Rural Dairy Farmers Raise Production, Incomes through USAID Assistance

USAID supports dairy farmers in rural Sri Lanka
More than 2,000 rural dairy farmers in 15 districts have benefited from USAID’s SOLID project since 2013

For Immediate Release

Thursday, July 20, 2017
Public Affairs Section
Tel: +94 (1) 249-8100 [cid:image002.gif@01D30157.685AF3D0] Fax: +94 (1) 244-9070 Email:<> ●

Colombo, July 20: K. Mathanakumari, a single mother of three from Mullaitivu, faced many challenges to feed, clothe, and educate her children.  Despite her hard work trying to provide a better life for her family, Mathanakumari had difficulties gaining access to basic resources and techniques to improve production from her dairy farm.

In April 2015, the United States Agency for International Development (USAID) selected Mathanakumari to join the Supporting Opportunities in Livelihoods Development (SOLID) project, which helped improve the quality and quantity of her cattle feed.  A year and a half later, her cultivation of more than two acres of sorghum and uninterrupted silage production have helped her feed nine cows and collect approximately 100 liters of milk daily.  As a result of Mathanakumari’s success, this sole family breadwinner received an award as the best dairy farmer from Nestle Lanka PLC, a recognition bestowed by Sri Lankan President Maithripala Sirisena.

Mathanakumari is just one of more than 2,000 rural dairy farmers in 15 districts who have benefited from USAID’s SOLID project since 2013.  This week, USAID brought together SOLID partners from private and public dairy companies to review the project’s successes.  On average, beneficiary farms have increased monthly milk production by 27 percent and seen their incomes rise by 35 percent.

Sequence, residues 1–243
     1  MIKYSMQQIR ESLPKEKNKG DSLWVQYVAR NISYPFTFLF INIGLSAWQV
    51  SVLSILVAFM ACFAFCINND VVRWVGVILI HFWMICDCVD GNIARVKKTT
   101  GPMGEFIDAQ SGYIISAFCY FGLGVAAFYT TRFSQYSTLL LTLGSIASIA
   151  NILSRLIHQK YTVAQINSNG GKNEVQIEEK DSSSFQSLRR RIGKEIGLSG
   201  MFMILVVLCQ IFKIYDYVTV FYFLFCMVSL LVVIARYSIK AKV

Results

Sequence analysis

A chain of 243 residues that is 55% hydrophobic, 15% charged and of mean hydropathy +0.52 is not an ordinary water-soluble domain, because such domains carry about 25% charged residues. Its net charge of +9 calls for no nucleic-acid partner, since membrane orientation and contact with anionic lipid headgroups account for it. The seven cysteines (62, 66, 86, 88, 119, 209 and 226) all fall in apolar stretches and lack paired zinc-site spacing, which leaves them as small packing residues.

“By helping rural farmers use international best practices to increase the quality and quantity of milk production, the United States is helping raise incomes, improve living conditions, and transform rural economies across Sri Lanka,” said Dr. Andrew Sisson, USAID’s Mission Director.

The SOLID project has received strong support from Sri Lanka’s leading dairy companies, including Milco, Nestle Sri Lanka, CIC Dairies Pvt Ltd, and Pelwatte Dairy Industries.  The companies helped identify milk producers, organize workshops, and transport the farmers to attend SOLID programs.  Local government officials also participated by convening and attending these events.

SOLID trained rural dairy farmers to produce high quality cattle feed year round; supplied equipment and material such as sorghum seeds, silage barrels, milk cans, grass cutters and choppers; constructed milk collection and chilling centers to facilitate regular milk collection; and strengthened market linkages with private sector companies.

“We are happy to see Sri Lankan government authorities such as the Provincial Departments of Animal Production and Health using USAID-supported farms as models for hundreds of farmers from other regions, as well as students, to learn best practices,” said David Dyer, USAID/SOLID’s Chief of Party.  “Seeing farmer-to-farmer learning take place will help ensure that SOLID’s training will reach many more households with the corresponding multiplier effects.”

USAID is the development agency of the U.S. Government, and has provided development and humanitarian assistance to developing countries worldwide for 50 years.  In Sri Lanka, the U.S. Government has provided over two billion dollars in aid since 1956.
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